Marketing 301 Final Exam Part 1

Covers The Marketing 301 Of Umass Amherst.
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Why is marketing important?
It stresses the importance of delivering genuine benefits in the offerings of goods, services, and ideas marketed to customers.
Marketing Concept
The idea that an organization should 1) strive to satisfy the needs of consumers 2) while also trying to achieve the organization's goods
Marketing Orientation
Focuses its efforts on 1) continuously collecting information about consumer's needs 2) sharing this information across departments and 3) using it to create customer value
Marketing's first task
Discovering and satisfying needs
Product Orientation
1920's; Mass production

ford cars = make more with more options.
Sales Orientation
1960's; more sales people = higher profit. using telemarketers, etc.
Rolling Rock ( Production)
Assumed they had the best beer
Rolling Rock (Sales)
No "marketing" to speak of; sales force that operated mainly by buying rounds in taverns
Marketing's second task
Spread message about product/service as cost-effectively as possible
Target Market
one or more specific group of potential consumers toward which an organization directs its marketing
Car Buying
high involvement purchase. engage in extensive info search, consider many product attributes and brands. form attitudes and participate in word of mouth communication. companies give info
Elaboration likelihood model
most widely used.
Central route - (people highly involved, high elaboration) when making argument.

Peripheral route - (low elaboration) pictures and music which do not make an argument; not involved
High vs Low + Marketing Mix
high - builds image, exclusive distribution, ads + personal selling
low - build habits, stock everywhere, maintain quality
Trigger Features
a filtering of exposure, comprehension, and retention.

ex: color crystals are better, product name, etc.
Perceived Risk
obtain seals of approval, secure endorsements, provide free trails/samples, give extensive instructions, provide warranties/guarantees
putting flesh on the bare bones of demographics.
PRIZM > VALS. putting people into 8 categories. psychology, life style, and demographics

ex. best buy
Popcorn Example
people are what was in front of them. eat more if in bigger container
Marketing's 3rd task
getting your brand into the consumer's evoked set (one of the brands that they consider)
Focus groups + interview guide
focus groups are informal sessions of 6 to 10 past, present, or prospective customers in which a discussion leader asks their opinions about the firm's and its competitors' products, how they use them, and special needs they have that the products don't address. hearing needs they have that the products don't address. watch customer actions. finding next "cool" thing.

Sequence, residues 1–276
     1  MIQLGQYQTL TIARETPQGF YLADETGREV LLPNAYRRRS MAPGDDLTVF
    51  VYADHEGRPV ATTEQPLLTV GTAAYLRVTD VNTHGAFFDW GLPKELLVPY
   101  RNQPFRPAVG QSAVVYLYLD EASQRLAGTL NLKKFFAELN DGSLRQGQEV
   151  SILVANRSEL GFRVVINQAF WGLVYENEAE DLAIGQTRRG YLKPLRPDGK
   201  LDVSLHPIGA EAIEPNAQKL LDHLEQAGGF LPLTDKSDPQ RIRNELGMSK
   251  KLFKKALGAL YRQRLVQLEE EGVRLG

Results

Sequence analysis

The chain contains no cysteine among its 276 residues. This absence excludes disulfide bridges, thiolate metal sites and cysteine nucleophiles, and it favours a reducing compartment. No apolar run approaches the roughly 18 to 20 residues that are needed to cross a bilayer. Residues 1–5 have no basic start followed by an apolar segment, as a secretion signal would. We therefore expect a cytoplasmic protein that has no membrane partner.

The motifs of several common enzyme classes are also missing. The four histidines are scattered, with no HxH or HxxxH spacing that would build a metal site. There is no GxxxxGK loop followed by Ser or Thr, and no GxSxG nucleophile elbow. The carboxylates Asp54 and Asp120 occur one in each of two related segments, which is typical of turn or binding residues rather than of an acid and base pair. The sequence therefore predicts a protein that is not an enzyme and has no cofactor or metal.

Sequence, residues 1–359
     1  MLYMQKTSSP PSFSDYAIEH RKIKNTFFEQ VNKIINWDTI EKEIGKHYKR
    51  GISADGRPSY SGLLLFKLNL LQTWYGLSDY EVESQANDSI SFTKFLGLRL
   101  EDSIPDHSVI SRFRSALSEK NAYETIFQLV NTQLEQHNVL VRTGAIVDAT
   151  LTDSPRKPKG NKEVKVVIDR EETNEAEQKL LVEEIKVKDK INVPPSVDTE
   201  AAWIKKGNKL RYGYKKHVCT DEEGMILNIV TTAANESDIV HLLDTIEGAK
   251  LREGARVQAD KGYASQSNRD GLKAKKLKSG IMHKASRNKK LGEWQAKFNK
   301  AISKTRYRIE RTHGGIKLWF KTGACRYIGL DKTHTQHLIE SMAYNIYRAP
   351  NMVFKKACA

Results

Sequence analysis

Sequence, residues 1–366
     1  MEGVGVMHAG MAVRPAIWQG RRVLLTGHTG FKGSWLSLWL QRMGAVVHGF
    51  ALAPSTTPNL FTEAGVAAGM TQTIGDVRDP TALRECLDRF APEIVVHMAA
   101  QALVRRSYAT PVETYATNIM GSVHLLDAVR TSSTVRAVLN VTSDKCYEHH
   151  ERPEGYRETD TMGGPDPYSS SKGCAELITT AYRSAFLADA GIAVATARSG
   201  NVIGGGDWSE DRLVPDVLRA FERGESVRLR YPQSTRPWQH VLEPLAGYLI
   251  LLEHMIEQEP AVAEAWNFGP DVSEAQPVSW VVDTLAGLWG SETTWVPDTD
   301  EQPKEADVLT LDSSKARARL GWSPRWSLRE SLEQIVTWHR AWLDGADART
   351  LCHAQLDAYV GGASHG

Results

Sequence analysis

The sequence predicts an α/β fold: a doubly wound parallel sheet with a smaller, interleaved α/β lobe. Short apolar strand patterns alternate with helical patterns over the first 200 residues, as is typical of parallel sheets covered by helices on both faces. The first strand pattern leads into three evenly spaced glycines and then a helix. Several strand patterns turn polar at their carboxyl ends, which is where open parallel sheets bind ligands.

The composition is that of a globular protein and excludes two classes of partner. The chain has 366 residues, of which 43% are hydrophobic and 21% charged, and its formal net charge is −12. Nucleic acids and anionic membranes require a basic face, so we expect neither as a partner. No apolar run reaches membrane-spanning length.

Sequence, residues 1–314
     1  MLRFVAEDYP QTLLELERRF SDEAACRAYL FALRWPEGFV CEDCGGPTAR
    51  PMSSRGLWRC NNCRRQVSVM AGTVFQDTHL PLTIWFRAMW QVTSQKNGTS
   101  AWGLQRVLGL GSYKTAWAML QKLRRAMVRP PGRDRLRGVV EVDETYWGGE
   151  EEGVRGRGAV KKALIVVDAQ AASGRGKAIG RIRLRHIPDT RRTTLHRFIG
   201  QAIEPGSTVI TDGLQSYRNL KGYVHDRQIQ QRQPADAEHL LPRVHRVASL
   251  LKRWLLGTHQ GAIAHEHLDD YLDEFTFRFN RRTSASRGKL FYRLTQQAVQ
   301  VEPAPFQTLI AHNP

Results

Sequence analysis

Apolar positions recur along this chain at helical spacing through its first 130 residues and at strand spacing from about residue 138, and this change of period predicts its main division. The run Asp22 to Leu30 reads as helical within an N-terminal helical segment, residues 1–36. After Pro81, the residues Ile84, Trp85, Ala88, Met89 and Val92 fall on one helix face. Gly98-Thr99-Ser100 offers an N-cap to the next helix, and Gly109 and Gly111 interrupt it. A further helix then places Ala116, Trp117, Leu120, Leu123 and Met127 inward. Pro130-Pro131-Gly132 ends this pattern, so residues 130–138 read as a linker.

observational research + contrived observation
ex: mystery shopper, videotaping, ethnographic research

contrived observation - went to pharmacists, talked about problems. got suggested medicine.
projective tests (vampires)
a certain image produces different images/feelings

cockroaches and men
good v. bad experiment. milliman, fisher price
music changing buying habits (milliman). good. effects of color "sit where you want" bad
secondary data
Secondary data -> facts + figures that have already been recorded before the project at hand.
- internal
- external

Questionaires + rules
pretest as much as possible, use close ended questions, figure out purpose before hand. do qualitative work before you develop questions
small vs. big sample
higher response rate is more important than a large sample
single source data, advantages how it works
allows you to quantify the impact of new creative + alternative media plans including new copy rotation strategies, different day part mixes, no reduced spending plan. behavior scans can measure the impact of advertising on actual consumer behavior at the household level, enabling analysis of advertising's impact on brand switching + different demographic groups
price puzzles
price = list price - incentives and allowances + extra fees. umass marketing t shirts, book trouble, jewelry
lift time value
once you buy one and like it, you are likely to buy again, even if price increases slightly. acquire + keep customer present value of future products. frequency + volume
ways to set prices
high demand, higher prices. early in the market, higher price. expensive to produce, set higher. most important --> competitors price
perfume + jewelry
upward sloping demand curve = jewelry. downward sloping = perfume
wash burn guitars
professional vs entry level. better guitars are more expensive. cheaper ones are made in factories. price is a move along the curve. adding more advertising changes curve
your product price
reference prices help. sometimes you can cut price without being perceived as cheap. books aren't seen as "good gifts" anymore. discounts have hurt the book industry
decoy effect
product used to get people into store but not actual selling point
cause vs. mission
cause is more helping a cause where as mission is actually taking action
ethics of exchange + AMA
both parties being better off after a transaction AMA promotes highest standard of professional ethical norms and values for its members. faster trust, do no harm. communicate ethical values that will improve customer confidence

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